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Chinese Martial Arts CinemaThe Wuxia Tradition$
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Stephen Teo

Print publication date: 2009

Print ISBN-13: 9780748632855

Published to Edinburgh Scholarship Online: September 2012

DOI: 10.3366/edinburgh/9780748632855.001.0001

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The Wuxia Films of King Hu

The Wuxia Films of King Hu

Chapter:
(p.115) 5. The Wuxia Films of King Hu
Source:
Chinese Martial Arts Cinema
Author(s):

Stephen Teo

Publisher:
Edinburgh University Press
DOI:10.3366/edinburgh/9780748632855.003.0006

King Hu is the most internationally prominent director of the new school wuxia wave that hit the Hong Kong cinema from the mid-1960s onwards. His prominence lies in the recognition that his wuxia films are the most artistic, most philosophical, and culturally relevant in the whole martial arts genre of the Chinese cinema. Hu’s films are analyzed in some detail – in particular, his masterpieces Come Drink With Me (1966), Dragon Inn (1967), and A Touch of Zen (1972). All these films feature female warriors which became a defining mascot of the Chinese martial arts cinema, otherwise erroneously thought to be wholly dominated by men. Hu’s fame continues to reverberate today largely due to his championing of the female knight-errant (xia nü) figure.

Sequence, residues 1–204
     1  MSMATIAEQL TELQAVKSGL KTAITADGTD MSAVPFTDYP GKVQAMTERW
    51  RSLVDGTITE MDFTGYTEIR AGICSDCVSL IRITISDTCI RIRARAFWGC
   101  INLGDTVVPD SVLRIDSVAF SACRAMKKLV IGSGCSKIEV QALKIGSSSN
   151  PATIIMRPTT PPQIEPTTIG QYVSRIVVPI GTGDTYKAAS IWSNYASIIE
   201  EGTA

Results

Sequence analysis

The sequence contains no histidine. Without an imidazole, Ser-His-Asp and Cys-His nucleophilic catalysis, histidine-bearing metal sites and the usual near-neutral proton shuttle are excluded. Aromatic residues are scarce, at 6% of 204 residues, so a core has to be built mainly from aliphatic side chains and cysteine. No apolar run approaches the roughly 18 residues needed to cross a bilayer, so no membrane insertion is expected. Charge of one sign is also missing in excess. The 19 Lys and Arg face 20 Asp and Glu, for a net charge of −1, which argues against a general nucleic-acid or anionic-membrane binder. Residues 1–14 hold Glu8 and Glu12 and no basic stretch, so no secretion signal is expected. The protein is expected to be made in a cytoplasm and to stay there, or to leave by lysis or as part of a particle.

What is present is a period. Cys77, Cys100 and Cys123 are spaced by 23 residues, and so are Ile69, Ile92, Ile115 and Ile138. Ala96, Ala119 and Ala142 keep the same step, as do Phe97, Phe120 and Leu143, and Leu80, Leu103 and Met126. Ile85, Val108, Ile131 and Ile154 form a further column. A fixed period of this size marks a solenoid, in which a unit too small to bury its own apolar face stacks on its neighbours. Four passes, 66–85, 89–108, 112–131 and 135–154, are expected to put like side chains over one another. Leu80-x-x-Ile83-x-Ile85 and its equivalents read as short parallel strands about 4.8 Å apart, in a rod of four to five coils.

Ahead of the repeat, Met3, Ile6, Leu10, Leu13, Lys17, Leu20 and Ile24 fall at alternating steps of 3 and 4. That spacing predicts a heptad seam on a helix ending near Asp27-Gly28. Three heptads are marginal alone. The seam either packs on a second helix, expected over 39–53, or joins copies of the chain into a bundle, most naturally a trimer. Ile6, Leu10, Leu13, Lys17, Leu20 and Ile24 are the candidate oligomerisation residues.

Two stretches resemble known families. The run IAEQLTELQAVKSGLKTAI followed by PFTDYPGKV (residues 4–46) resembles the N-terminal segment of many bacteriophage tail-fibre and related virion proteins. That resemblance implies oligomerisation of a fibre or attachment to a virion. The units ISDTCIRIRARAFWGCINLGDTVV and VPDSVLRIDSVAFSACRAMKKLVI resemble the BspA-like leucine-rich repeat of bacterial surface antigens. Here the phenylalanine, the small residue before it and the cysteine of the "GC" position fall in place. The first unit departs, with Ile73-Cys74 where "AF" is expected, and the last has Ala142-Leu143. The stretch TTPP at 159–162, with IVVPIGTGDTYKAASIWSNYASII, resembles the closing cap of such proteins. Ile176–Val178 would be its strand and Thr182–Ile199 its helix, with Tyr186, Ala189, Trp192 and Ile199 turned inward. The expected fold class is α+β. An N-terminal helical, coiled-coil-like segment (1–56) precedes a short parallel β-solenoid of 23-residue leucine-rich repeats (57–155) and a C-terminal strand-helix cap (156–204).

Keywords:   King Hu, female knight-errant, Zen, new school

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